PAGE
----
This remark may be somewhat misleading in that Kahn is noted for suggesting and exercising the notion of wrapping ruins around buildings.
I've never met Kahn, but practically all of my architectural teachers (at Temple U. in the mid to late 1970s) were taught by Kahn, or worked for Kahn, or both. I very much liked the architecture of Kahn; I liked the rigorous geometrics, and it is indeed via Kahn that I came to fetish Piranesi's Campo Marzio plan. In the summer of 1976 I purchased a special edition A+U book Kahn' work (for those that may not know, architecture books (and magazines) full of color images were still a rarity in the mid 1970s, and it was basically Japanese publishers that began to change all that). It seems there was a time where that book was not out of my sight.
In the summer of 1977, I went on an architectural study tour in Italy. I spent a whole afternoon on the Palitine Hill, walking through the Palaces of the Caesars. I saw 'Kahn' all over the Palatine Hill. Here's what I wrote then (right after my sophomore year).
Saturday, August 13, 1977
. . . We ended our tour on the Palatine Hill in the Palace of the Caesers. The masonary structure is incredible. I want to go back alone and do a good study of it. There was so much to see and take note of that I was very discouraged to even start. (It was also too hot, but that's really no excuse.)
John [who was a graduate student from Penn also on the study trip] and I started to get into all of the structure. I was surprised to see how much [history] he really didn't know. I made a couple of references to Kahn, and I think he [John] was offended. (Too bad for him.) He said Kahn couldn't be limited to one period. I say, who's limiting him? It's obvious he [Kahn] took a great deal from the architecture of ancient Rome, and that's a fact that can't be disputed at all. I think he [Kahn] was wrong in doing it now that I see the ruins. Like India doesn't seem that great anymore, only the ruins are better, and his [Kahn's] plagiarism for Exeter almost makes me sick [how's that for a visceral reaction]. Wrap ruins around buildings my ass!!!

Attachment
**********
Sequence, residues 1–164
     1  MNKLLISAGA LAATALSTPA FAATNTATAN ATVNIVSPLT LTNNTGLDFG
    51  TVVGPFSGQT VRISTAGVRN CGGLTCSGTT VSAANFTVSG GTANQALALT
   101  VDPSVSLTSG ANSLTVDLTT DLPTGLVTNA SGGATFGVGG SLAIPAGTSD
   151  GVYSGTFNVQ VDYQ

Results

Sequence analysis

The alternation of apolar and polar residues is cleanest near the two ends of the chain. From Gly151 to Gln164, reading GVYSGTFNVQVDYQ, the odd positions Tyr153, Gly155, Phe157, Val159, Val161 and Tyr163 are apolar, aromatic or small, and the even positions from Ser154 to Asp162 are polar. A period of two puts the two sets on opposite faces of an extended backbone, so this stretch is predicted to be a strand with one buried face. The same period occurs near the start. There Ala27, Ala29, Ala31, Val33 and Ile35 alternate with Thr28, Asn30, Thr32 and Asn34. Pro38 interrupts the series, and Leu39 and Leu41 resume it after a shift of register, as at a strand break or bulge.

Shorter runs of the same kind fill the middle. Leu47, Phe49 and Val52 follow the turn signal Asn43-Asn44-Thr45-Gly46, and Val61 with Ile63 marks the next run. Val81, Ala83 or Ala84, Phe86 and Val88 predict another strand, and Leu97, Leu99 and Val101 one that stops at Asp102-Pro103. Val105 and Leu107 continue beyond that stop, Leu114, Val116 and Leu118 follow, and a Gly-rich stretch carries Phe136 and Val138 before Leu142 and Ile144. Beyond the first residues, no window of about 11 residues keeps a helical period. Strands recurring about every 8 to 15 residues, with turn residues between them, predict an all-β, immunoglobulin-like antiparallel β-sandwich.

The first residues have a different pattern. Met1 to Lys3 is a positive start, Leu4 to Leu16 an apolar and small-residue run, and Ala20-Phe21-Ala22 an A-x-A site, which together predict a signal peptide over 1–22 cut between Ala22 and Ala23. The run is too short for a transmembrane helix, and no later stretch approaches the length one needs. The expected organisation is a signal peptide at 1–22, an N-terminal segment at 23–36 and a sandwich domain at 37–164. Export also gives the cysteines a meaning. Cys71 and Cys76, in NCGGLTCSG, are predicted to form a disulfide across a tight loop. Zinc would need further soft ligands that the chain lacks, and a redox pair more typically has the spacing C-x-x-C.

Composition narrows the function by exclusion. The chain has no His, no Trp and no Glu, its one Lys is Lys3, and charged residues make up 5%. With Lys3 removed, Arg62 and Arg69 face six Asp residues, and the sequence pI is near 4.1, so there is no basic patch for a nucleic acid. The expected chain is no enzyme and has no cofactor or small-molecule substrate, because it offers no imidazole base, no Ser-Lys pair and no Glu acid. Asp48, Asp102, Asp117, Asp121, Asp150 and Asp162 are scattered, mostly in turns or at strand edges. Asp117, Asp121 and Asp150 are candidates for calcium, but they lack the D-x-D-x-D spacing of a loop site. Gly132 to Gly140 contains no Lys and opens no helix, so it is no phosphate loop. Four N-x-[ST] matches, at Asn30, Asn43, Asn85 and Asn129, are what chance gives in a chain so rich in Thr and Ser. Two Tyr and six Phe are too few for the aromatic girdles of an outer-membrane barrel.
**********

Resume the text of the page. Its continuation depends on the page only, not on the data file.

I really don't know what to think about architecture anymore.
Venturi - Kahn - Corbu - who the fuck knows???
Back to the 21st century . . .
The other place in Rome that opened my eyes was the spiral entry ramp of the Vatican Museum. How come no one ever acknowledges that that spiral ramp and the skylight above it is exactly what Frank Lloyd Wright copied (or should I be kind and say reenacted?) when he did the Guggenheim Museum on 5th Avenue? Wright's Guggenheim is certainly creative, but it is not all that original.
What I like best so far about investigating reenactment in architecture, it the search for origins, that which is being reenacted, because it's in the origins that true originality resides. Kahn himself said he wished he could write Volume 0. I'm not going to say that I too want to write Volume 0, but I do have real faith in its existence.